So, here are the fundamental ideas that underlie some GPS surveying techniques. Most often, a fixed point with previously established coordinates is occupied by a one receiver, a base station. The first receiver, the base, provides the data to compute the differences between its known position and the unknown positions measured at the second, or roving receiver. Static GPS requires post-processing and is used for establishing control by GPS. With DGPS, the corrections can either be applied in post-processing or in real-time. And while correlated systematic errors can be virtually eliminated with differential correction, the biases such as multipath and receiver channel noise are certainly not. These errors have been much reduced in modern GPS receivers, but not completely defeated. Biases such as high PDOP can only be resolved with both good receiver design and care as to when and where the surveying is done. Real-Time Kinematic is the method of choice for much of GPS work, but the technique is being supported more and more by Real-Time Networks as opposed to dedicated individual base stations. And Precise Point Positioning, PPP, offers a centimeter or decimeter solution that does not rely on differential correction as it is usually defined, but rather precise ephemeris and clock data. Finally, all of these techniques will be improved as the Global Navigation Satellite System, GNSS, matures.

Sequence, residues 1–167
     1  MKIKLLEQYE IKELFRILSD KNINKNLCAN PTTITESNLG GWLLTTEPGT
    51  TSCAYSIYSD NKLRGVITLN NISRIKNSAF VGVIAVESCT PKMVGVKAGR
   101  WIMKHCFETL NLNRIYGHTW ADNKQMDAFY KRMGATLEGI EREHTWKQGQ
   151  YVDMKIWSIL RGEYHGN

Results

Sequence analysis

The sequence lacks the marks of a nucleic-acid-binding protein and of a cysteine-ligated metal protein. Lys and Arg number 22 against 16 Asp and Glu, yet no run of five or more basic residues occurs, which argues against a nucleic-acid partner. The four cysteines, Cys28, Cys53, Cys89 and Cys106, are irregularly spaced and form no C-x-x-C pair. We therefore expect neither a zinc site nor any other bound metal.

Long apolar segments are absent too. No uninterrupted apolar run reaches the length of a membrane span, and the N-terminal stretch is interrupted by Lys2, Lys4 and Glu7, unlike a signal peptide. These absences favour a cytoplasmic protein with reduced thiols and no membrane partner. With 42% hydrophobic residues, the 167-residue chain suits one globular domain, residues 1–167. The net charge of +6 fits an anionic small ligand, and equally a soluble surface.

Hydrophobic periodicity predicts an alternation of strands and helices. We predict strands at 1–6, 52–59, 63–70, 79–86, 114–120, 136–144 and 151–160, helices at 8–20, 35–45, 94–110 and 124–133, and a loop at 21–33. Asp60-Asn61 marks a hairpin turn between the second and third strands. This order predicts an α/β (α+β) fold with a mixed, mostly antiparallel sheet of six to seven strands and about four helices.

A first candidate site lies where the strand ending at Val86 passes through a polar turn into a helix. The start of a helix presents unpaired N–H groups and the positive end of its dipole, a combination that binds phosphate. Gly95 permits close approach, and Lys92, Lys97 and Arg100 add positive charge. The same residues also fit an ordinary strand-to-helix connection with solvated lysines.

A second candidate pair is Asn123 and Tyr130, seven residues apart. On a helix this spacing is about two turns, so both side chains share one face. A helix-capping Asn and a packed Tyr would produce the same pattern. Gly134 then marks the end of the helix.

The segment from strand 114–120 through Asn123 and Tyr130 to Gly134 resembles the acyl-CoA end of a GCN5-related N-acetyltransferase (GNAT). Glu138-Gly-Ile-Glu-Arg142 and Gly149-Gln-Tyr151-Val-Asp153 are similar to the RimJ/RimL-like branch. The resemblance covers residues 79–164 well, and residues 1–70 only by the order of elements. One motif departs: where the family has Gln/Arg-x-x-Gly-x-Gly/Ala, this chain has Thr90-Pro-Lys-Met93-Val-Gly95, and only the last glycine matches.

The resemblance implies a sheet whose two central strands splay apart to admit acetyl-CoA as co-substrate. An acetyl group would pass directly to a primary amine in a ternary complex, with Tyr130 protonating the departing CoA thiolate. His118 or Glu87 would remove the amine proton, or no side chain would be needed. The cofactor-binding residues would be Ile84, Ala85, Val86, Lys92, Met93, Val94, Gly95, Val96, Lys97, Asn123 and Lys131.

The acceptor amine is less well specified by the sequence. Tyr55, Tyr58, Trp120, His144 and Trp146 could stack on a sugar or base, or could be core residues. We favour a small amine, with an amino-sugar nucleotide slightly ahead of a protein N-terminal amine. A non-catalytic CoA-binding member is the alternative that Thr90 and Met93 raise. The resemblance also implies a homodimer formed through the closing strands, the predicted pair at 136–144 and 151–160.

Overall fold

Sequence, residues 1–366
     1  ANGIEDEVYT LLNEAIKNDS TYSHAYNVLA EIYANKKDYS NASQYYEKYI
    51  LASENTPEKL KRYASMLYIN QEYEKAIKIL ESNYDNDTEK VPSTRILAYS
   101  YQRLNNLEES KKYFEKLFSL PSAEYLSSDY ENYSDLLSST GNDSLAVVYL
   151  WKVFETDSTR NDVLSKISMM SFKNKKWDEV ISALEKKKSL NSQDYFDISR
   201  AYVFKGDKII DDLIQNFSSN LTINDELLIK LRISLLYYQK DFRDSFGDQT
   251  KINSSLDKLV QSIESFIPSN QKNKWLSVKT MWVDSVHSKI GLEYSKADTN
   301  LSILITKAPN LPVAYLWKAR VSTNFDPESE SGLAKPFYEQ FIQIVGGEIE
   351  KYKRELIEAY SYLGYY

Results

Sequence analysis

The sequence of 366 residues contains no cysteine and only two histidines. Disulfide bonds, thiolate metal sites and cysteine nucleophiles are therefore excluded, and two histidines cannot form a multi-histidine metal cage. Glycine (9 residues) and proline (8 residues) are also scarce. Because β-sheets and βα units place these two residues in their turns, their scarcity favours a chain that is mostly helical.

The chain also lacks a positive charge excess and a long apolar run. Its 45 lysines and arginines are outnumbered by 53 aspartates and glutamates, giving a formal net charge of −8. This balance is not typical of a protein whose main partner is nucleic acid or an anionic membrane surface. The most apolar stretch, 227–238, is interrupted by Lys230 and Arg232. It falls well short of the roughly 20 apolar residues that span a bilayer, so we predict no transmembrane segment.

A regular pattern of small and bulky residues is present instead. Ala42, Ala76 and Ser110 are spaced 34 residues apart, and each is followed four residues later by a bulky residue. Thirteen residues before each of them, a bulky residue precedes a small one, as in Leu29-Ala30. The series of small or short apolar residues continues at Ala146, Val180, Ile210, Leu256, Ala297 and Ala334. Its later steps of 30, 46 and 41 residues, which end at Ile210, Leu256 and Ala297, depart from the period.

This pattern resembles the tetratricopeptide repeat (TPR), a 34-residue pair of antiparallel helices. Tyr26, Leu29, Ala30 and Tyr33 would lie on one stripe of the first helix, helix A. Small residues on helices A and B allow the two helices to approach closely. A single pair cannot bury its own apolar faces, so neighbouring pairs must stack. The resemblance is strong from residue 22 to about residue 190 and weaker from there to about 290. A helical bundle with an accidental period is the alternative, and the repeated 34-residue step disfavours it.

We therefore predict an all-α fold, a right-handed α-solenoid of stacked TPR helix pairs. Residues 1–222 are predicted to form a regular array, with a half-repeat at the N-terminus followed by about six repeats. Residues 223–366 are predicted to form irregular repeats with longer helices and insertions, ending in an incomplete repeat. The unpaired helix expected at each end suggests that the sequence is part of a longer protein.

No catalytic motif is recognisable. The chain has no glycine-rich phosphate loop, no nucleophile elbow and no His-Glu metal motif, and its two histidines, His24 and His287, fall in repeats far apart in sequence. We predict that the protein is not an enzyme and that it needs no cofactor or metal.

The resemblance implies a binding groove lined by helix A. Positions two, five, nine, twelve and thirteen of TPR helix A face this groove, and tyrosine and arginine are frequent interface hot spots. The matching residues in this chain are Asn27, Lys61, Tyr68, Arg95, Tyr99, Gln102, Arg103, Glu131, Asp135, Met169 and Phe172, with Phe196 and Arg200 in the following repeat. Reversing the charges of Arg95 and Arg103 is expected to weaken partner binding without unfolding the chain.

There is no question that RTK dominates the GPS surveying applications. It is applicable to much of engineering, surveying, air-navigation, mineral exploration, machine control, hydrography and a myriad of other areas that require centimeter-level accuracy in real-time. However, the control on which it depends is typically set using static GPS.
The pace of the development of Real-Time Networks, RTN, both by governments and commercial interests, is accelerating. The services are sometimes free and sometimes require the arrangement of a subscription or the payment of a fee before the user can access the broadcast corrections over a datalink via a modem such as a cell-phone or some other device. But the central idea at the foundation of RTN is differential correction. That is the combination of observations from several CORS at known positions used to derive a model of an entire region still relies on the same differential ideas that we discussed near the beginning of the course.
In other words, even the latest developments in satellite positioning continue to be based on the same fundamental principles.
In the next lesson, we continue to delve into the details of how GPS work is done from start to finish, including processing.
Before you go on to Lesson 8, double-check the Lesson 7 Checklist to make sure you have completed all of the activities listed there.